Exploring Southwark and discovering its history
The East Dulwich Picturehouse opened in April 2015 and is a popular addition to Lordship Lane. Prior to the cinema acquiring the building, it had since 1963 been the church hall for St Thomas More RC Church situated further down Lordship Lane where Irish dancing and other social events had taken place. Before then, it had housed a school and church named after St Anthony and the initials S and A are still there picked out in brickwork on the front elevation.
The Catholic congregation was growing and by 1907 it was clear the church was outgrowing the premises. A site was acquired from Dulwich Estate next door to the library, but though Dulwich Estate had stipulated time limits for the construction of the church, progress was slow, delayed further by World War I, and the new church did not open until 1929. It was named after St Thomas More in 1935. The school continued to flourish with 140 pupils and the vacated church of St Anthony’s was refurbished as a church hall, though once more was used as a church temporarily when St Thomas More Church suffered bomb damage in World War II.
Lordship Lane in the 1920s. Looking slightly different but still recognisable, St Anthony's Church is on the left.
Members of the Franciscan Order acquired the site on Lordship Lane in the proximity of Bassano Street around 1879, before then Mass had been said in a private house in The Gardens, off Peckham Rye. The site had a house, stables and coach house and the plan was to convert the house into a monastery and the stables and coach house into a church on the upper floor and a school on the ground floor. Mass was said for the first time in the new church on Whit Sunday 1879 and the school opened in 1882. The site was acquired by the Benedictine Order as the Franciscans felt it was not in keeping with their role as itinerant missionaries. Unfortunately, the plans carried out by the Benedictines incurred a lot of debt and to pay this off a lot of the site had to be sold** with only the church and school building remaining in the Order’s keeping.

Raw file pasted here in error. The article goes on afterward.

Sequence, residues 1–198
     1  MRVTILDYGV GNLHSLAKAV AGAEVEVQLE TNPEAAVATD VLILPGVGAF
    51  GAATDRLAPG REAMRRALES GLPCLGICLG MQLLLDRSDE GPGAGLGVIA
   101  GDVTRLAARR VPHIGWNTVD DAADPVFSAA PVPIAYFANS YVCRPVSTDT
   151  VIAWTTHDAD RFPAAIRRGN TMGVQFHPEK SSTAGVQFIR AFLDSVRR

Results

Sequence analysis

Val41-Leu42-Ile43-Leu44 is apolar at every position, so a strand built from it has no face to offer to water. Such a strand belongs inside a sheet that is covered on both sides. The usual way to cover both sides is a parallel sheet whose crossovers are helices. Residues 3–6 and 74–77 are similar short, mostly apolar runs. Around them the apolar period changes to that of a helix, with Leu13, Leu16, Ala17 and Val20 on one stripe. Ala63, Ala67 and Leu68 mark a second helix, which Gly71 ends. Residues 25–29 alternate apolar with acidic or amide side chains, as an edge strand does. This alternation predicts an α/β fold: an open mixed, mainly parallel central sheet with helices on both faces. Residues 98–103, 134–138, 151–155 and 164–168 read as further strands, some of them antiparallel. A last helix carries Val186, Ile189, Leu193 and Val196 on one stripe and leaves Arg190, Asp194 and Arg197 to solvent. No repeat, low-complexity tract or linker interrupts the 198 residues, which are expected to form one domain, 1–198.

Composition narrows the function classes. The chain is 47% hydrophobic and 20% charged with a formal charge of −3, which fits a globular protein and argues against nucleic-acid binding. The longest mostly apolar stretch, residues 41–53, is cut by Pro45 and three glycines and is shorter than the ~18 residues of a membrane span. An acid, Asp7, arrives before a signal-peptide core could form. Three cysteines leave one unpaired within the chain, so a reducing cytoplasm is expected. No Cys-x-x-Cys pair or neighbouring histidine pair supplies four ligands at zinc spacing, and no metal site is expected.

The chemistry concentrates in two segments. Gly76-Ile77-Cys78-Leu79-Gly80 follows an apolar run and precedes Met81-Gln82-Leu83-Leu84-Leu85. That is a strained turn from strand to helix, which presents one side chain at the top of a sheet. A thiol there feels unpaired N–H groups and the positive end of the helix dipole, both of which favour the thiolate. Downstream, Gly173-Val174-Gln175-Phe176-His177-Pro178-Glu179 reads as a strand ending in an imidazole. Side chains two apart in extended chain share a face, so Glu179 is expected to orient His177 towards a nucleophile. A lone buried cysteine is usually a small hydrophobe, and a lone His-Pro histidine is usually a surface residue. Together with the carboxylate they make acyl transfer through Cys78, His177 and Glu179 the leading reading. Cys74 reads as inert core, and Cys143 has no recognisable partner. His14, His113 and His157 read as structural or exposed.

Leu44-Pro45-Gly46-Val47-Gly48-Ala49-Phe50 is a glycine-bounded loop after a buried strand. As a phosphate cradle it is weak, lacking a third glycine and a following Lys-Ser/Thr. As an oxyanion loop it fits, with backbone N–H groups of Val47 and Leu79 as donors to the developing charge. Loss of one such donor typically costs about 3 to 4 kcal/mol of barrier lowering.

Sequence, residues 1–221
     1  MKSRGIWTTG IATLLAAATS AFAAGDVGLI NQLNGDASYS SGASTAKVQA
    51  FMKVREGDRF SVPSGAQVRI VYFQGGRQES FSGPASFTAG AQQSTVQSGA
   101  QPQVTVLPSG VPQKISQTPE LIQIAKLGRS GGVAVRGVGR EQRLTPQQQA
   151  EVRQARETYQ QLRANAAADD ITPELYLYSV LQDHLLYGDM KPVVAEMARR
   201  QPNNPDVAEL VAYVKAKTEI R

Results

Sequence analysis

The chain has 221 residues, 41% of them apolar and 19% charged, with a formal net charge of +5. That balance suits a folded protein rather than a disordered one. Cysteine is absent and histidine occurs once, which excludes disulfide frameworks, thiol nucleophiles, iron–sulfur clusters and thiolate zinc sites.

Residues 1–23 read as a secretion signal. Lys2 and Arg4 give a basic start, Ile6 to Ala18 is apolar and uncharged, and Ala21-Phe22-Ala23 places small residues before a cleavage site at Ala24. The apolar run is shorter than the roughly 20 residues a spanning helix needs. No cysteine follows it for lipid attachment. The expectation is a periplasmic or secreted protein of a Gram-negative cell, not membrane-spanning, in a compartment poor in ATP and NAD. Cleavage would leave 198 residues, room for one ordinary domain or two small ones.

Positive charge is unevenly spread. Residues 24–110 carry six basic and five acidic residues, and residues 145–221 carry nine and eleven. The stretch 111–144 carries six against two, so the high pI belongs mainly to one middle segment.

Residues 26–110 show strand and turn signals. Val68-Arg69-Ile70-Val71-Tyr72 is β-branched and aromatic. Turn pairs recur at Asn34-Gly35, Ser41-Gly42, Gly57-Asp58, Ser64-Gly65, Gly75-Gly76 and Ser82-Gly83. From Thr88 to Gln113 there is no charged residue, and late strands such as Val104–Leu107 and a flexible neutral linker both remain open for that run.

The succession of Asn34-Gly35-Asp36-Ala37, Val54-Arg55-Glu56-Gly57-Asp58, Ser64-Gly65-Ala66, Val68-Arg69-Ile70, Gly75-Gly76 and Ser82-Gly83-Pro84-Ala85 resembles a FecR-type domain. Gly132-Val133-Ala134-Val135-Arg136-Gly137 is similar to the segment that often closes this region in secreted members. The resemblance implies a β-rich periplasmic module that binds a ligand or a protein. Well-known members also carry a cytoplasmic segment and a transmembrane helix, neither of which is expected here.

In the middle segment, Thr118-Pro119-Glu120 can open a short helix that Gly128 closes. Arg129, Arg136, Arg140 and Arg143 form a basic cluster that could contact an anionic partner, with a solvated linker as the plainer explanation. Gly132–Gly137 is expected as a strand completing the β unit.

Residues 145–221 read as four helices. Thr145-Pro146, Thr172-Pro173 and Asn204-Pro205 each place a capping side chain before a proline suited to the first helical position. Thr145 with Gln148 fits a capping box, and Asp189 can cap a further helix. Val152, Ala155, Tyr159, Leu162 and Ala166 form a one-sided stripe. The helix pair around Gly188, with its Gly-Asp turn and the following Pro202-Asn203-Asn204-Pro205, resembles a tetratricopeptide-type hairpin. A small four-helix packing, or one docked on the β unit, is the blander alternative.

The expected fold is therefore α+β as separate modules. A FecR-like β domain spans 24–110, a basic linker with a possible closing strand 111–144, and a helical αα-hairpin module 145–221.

It was realised soon after the end of the war that new larger premises were needed for the school and St Anthony’s School opened on the present site in Etherow Street in 1964. The vacated school premises were used as overflow accommodation for St John’s School that was then on the corner of Archdale Road and North Cross Road.
In latter years, the Church Hall was under-used and in need of renovation and, despite protests, the decision was taken to sell. Fortunately, it has been refurbished as a cinema and so remains a facility for the community.
** On part of the site, the Champion Hill Steam Laundry was built which is now partly premises for ESPH gym. A first hand description of the laundry can be found here - scroll half way down the page.